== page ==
They were in this way escorted safely to a whaling station. It is interesting that during the trek none of the men mentioned him, each believing that they were alone in sensing the extra companion. And when asked about it afterwards Sir Ernest said the experience had been too transcendent to be the subject of casual 'Ouija Board chatter'.
Apparently many explorers, mountaineers, divers and sailors have shared his sense of wonder through experiencing the Third Man in times of duress. Sometimes their companions have been visible, sometimes not. At times the presence has spoken aloud to them, but not always. They have invariably, though, been comforted or led to safety.
I wholly believe in the ghosts of 9/11 and the Third Man. Do you?
Sunday, 18 May 2014
Can we look through heaven's door before death? This is a question answered by Patricia Pearson's book 'Opening Heaven's Door', currently being serialized in the Daily Mail.
It's clearly a fascinating book, giving all kinds of insights into death-related experiences that defy logical interpretation. One story that especially struck me concerned a woman who, having just given birth, looked across to the far side of the room and smiled radiantly, saying "Oh, lovely, lovely!"
When her obstetrician asked her what was lovely, she answered intensely: "What I see: lovely brightness - wonderful beings." Then, focusing her attention on a particular place, she exclaimed: "Why, it's my father! Oh, he's so glad I'm coming, he is so glad."
It seemed to the obstetrician that her patient had a momentary hesitation, wondering whether she should stay for the baby's sake. But she suddenly said: "I can't - I can't stay; if you could see what I do, you'd know I can't stay."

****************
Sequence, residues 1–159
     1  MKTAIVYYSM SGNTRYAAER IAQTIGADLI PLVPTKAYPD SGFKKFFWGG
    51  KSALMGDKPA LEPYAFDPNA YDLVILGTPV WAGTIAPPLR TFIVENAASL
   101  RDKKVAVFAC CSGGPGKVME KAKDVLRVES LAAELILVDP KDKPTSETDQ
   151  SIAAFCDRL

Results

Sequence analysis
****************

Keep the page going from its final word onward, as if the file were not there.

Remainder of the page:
She then seemed confused, saying: "Father has my sister with him." (Her sister had actually died three weeks previously but the death had been kept from her because of her advanced pregnancy.)
After the patient's death (her vision having been witnessed by her mother, a nurse, the matron and the resident medical officer as well as by her obstetrician) Sir William Barrett, a physicist at the Royal College of Science in Dublin, launched a formal investigation and his published account - in 1926 - became the first corroborated report of a deathbed vision. There have been literally 1000s more in the interim.
So what do you think? Can we look through heaven's door before death?
Wednesday, 7 May 2014
I just read in The Daily Telegraph that Billy Connolly's Big Send Off is on ITV at 9 pm tonight. If you're wondering what I'm talking about, apparently Billy is a man fascinated by death - or so he says. He claims to find how we deal with it, fear it and come to terms with it endlessly intriguing.
So, in the two-part series starting this evening, he'll be exploring our attitudes toward dying and witnessing a whole range of rituals while also addressing his own beliefs about what happens at the 'end'. He'll be trying coffins for size, attending a New Orleans voodoo ceremony and visiting an eerie Californian town whose sole purpose is to house the dead - with 1.5 million bodies residing there! He'll also be taking a trip from a funeral convention in Texas - home to a multi-million-dollar 'death industry' - to a drive-through funeral parlour in Los Angeles.
And, finally, he'll be chatting with Eric Idle about plans for their respective send-offs! Apparently Idle's hit Always Look On The Bright Side Of Life is a popular song for funerals. I'll leave the last word for this post to Billy Connolly, who says:
"Far from the doom and gloom you may expect, the world of death is full of wonderful people doing extraordinary things."
Sunday, 27 April 2014
Do you believe in reincarnation? Have you lived before, in a different skin? Will you live again, after this lifetime?
Artist Joseph Glenny doesn’t believe in it, until he meets a girl who looks at him with his dead wife’s eyes. He had painted a portrait of the wife he adored and had hung it (for display only – definitely not for sale) in a friend’s art gallery in St Ives. Newly arrived in Cornwall, Jess Delgarne sees it one day and it takes her breath away.
The big question is, what lies ahead for Jess and Joseph – or is the pull of the past so powerful that it will ruin their future?
Find answers in The Portrait, FREE on Amazon Kindle today!